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Rollup vs Webpack2 and constant optimizations

October 12, 2016

There are substantial differences in the strategy of tree-shaking and bundle generation between rollup and webpack 2. Here I analyse how it affects to constant propagation and constant optimizations, compare both, and show results.

Tags: npm


// pager.js
export const pageCount = 4*5;
// index.js
import pageCount from './pager'
if (pageCount > 100) {
  doComplexStuff();
}  

Main difference between rollup and webpack 2 is scope hoisting. Rollup moves all imported/exported symbols to the same level, renaming when conflicts arise, and removing all import/export overhead.

But it have more implications: removing all import/overhead also creates more simple bundles. Simple bundles are easier to analyse by compilers and it enables more advanced optimizations.

In this post I will consider only constants and constant propagation and constant folding.

Optimizations for constants

Constant folding: when the compiler finds a constant operation, it executes operation and outputs only the results.

// before
var x = 3 + 5;

// after
var x = 8;

Constant propagation: if there is a variable that takes a constant as a value, the compiler replaces the variable by the constant.

// before
var x = 8;
var y = x + 4;

// after
var x = 8;
var y = 8 + 4;

// here it can apply now constant folding
var x = 8;
var y = 12;

Expression simplification: use algebra to simplify complex operations expressions.

// before
a[3] = 1 + i + 1;

// after
a[3] = i + 2;

Optimizations enabled

Dead code elimination: detects code that have no effect in the program and removes it.

Basic example:

// before
if (false) {
  console.log('remove me please');
} else {
  console.log('show me please');
}

// after
console.log('show me please');

Removes unused variables:

// before
var x = get('secret');
var y = get('public');

if (false) {
  console.log(x);
} else {
  console.log(y);
}

// after
var y = get('public');
console.log(y);

Removes unused functions:

// before
function show() {
  console.log('show me');
}
function hide() {
  console.log('hide me');
}

if (false) {
  hide();
} else {
  show();
}

// after
function show() {
  console.log('show me');
}

show();

All combined with constant optimizations:

// before
var x = 8;
var y = x + 2;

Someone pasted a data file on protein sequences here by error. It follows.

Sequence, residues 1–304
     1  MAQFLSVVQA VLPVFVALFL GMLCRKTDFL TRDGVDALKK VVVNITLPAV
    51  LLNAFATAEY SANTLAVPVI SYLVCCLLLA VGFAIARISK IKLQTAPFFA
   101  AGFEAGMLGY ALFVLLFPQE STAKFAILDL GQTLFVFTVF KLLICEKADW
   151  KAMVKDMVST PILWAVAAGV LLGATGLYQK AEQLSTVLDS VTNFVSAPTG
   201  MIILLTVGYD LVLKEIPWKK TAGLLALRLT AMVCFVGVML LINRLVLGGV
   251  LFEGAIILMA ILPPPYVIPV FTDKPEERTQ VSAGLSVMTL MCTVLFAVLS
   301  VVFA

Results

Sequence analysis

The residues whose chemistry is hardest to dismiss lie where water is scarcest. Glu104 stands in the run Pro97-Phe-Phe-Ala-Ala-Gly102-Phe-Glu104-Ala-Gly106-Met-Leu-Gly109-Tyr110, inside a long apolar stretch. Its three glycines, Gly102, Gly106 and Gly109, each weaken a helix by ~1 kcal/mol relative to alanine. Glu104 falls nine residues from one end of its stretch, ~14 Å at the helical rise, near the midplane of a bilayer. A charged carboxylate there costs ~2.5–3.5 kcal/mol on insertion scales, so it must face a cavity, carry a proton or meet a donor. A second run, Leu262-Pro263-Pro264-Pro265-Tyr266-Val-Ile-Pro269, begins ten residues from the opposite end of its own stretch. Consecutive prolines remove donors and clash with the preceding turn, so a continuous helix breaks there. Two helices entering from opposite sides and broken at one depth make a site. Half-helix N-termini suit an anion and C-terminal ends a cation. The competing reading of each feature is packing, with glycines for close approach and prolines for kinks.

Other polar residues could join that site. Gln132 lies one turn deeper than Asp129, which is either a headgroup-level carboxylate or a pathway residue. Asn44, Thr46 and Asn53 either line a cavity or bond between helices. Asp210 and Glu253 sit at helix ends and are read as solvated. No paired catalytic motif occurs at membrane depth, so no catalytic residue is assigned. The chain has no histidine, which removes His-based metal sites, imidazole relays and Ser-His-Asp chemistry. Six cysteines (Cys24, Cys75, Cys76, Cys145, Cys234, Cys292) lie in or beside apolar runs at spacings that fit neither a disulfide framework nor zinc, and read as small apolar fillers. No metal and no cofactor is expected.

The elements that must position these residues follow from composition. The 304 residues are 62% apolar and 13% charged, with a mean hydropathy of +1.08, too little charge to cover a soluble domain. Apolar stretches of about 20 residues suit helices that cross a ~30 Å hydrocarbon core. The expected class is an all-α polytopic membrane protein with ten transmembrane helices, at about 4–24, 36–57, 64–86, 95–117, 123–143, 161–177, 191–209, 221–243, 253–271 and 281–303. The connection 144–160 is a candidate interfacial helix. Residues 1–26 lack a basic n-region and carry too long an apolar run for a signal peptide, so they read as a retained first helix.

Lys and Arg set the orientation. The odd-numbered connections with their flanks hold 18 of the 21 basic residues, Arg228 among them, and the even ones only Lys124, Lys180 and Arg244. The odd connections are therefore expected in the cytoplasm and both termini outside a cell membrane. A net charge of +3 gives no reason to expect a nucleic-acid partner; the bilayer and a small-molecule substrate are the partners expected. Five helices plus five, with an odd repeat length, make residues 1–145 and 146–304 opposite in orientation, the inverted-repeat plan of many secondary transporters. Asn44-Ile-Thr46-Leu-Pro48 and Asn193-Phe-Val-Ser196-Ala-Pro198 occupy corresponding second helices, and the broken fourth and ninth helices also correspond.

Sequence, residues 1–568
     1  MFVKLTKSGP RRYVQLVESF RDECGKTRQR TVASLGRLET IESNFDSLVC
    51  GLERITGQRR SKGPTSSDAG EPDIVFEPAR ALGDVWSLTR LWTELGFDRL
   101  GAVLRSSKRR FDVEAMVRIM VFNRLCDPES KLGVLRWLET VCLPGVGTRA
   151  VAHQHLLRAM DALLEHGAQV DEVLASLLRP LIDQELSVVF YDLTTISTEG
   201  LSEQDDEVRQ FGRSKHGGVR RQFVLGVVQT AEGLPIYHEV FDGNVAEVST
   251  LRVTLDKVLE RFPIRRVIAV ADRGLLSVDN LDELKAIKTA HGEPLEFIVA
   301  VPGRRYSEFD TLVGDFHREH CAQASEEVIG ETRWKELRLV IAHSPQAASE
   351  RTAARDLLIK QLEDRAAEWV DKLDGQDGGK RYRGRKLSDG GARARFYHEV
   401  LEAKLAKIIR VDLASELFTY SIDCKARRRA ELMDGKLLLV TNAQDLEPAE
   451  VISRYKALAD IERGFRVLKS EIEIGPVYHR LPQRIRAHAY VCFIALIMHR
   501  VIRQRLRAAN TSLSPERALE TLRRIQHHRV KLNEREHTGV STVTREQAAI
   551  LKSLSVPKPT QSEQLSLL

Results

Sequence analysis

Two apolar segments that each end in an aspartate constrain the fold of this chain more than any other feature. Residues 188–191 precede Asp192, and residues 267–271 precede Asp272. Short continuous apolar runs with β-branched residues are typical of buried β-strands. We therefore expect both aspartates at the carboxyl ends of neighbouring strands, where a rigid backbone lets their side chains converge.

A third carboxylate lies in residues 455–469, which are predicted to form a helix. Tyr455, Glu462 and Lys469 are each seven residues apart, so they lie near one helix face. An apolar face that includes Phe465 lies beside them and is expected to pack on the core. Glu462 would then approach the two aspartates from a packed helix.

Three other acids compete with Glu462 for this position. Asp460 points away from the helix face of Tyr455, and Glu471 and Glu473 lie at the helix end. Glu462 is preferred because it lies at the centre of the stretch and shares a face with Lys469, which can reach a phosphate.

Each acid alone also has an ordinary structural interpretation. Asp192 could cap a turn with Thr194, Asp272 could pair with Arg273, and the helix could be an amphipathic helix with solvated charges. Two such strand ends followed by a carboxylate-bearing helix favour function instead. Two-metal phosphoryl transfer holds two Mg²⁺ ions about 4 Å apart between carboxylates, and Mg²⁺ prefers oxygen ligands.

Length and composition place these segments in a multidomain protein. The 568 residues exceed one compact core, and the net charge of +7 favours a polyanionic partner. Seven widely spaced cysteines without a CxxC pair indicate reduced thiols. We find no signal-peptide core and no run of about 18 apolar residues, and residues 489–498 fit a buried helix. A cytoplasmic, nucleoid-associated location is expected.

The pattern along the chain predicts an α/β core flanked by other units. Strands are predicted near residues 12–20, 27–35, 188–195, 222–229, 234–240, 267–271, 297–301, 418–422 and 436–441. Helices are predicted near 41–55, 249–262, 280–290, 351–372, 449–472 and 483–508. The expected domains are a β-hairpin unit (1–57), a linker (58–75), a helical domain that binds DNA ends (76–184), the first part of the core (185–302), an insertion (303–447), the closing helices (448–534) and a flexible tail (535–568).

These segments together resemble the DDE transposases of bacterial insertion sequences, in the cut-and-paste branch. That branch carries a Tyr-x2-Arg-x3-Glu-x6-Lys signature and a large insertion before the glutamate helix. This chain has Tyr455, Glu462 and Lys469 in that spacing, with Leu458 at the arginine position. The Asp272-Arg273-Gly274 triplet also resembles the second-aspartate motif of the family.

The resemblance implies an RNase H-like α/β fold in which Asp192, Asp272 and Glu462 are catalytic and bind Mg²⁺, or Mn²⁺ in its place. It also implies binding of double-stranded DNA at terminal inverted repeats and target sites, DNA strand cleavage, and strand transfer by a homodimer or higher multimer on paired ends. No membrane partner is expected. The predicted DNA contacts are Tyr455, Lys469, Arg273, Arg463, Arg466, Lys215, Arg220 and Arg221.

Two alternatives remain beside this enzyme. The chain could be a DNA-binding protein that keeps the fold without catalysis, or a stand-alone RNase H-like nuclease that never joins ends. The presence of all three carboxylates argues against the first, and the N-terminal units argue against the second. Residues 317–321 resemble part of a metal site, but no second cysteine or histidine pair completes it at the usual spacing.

function largeY() {
  console.log('there is a very large y');
}
function smallY() {
  console.log('y is small');
}

if (y > 20) {
  largeY();
} else {
  smallY();
}
console.log('y:', y);

// after
function smallY() {
  console.log('y is small');
}

smallY();
console.log('y:', 10);

Example for rollup and Webpack

Given the following example:

// entry.js
import { 
  currentPage, 
  getDocumentSize, 
  nextPage, 
  pageCount
} from './barrel';

if (pageCount > 10) {
	console.log('document size:', getDocumentSize());
}

console.log('before:', currentPage);
nextPage();
console.log('after:', currentPage);
// barrel.js
export * from './pager';
// pager.js
export const pageCount = 4;
export var currentPage = 0;

export function getDocumentSize() {
	return pageCount * 80 * 60;
}

export function nextPage() {
	currentPage++;
}

export function prevPage() {
	currentPage--;
}

We have compiled them through both, rollup and webpack 2 and optimized them.

Rollup minimized result is:

function o() { n++ }
var n = 0;
console.log("before:", n), o(), console.log("after:", n)

Webpack 2 minimized result is:

! function(n) {
    // .. omitted webpack loader ..
}([function(n, t, r) {
    "use strict";
    var e = r(1);
    r.d(t, "a", function() {
        return e.a
    }), r.d(t, "b", function() {
        return e.b
    }), r.d(t, "c", function() {
        return e.c
    }), r.d(t, "d", function() {
        return e.d
    })
}, function(n, t, r) {
    "use strict";

    function e() {
        return 19200
    }

    function o() { c++ }
    r.d(t, "c", function() {
        return c
    }), t.b = e, t.d = o;
    const u = 4;
    t.a = u;
    var c = 0
}, function(n, t, r) {
    "use strict";
    var e = r(0);
    e.a > 10 && console.log("document size:", r.i(e.b)()), console.log("before:", e.c), r.i(e.d)(), console.log("after:", e.c)
}]);

Comparison

The comparison of bundle sizes is the following:

Tool minimized gzipped
RollupJS 108 bytes 94 bytes
Webpack 958 bytes 454 bytes
Webpack (without loader) 490 bytes 238 bytes

Webpack 2 bundle size is more than twice as large as the rollup bundle. It is unable to minimize the code because a computed property inside an object returns the constant. Webpack 2 creates his computed property by itself, it did not exist before. Because of it, tree-shaking is not complete in webpack 2: it is not removing all unused functions.

Here webpack2 dead code elimination cannot remove getDocumentSize function.

Conclusion

Rollup scope-hoisting strategy is great: it enables all kind of advanced compiler stategies.

In the other hand Webpack 2 obscures the result and does not let the compiler to do its job.

More information

See:

  • Code example with constants: https://github.com/drpicox/rollup-vs-webpack/tree/with-constants
  • Wikipedia constant folding: https://en.wikipedia.org/wiki/Constant_folding
  • Compiler optimizations guide: http://www.compileroptimizations.com/index.html

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